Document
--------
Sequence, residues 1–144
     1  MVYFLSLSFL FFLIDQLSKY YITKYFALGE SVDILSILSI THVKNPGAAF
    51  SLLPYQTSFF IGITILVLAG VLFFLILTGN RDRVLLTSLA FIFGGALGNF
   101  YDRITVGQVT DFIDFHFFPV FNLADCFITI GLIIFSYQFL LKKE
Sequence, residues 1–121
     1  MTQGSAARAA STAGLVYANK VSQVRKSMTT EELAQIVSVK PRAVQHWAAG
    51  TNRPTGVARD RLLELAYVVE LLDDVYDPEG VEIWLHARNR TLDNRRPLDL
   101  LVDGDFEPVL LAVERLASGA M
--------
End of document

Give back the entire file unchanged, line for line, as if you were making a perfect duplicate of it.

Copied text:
Sequence, residues 1–144
     1  MVYFLSLSFL FFLIDQLSKY YITKYFALGE SVDILSILSI THVKNPGAAF
    51  SLLPYQTSFF IGITILVLAG VLFFLILTGN RDRVLLTSLA FIFGGALGNF
   101  YDRITVGQVT DFIDFHFFPV FNLADCFITI GLIIFSYQFL LKKE
Sequence, residues 1–121
     1  MTQGSAARAA STAGLVYANK VSQVRKSMTT EELAQIVSVK PRAVQHWAAG
    51  TNRPTGVARD RLLELAYVVE LLDDVYDPEG VEIWLHARNR TLDNRRPLDL
   101  LVDGDFEPVL LAVERLASGA M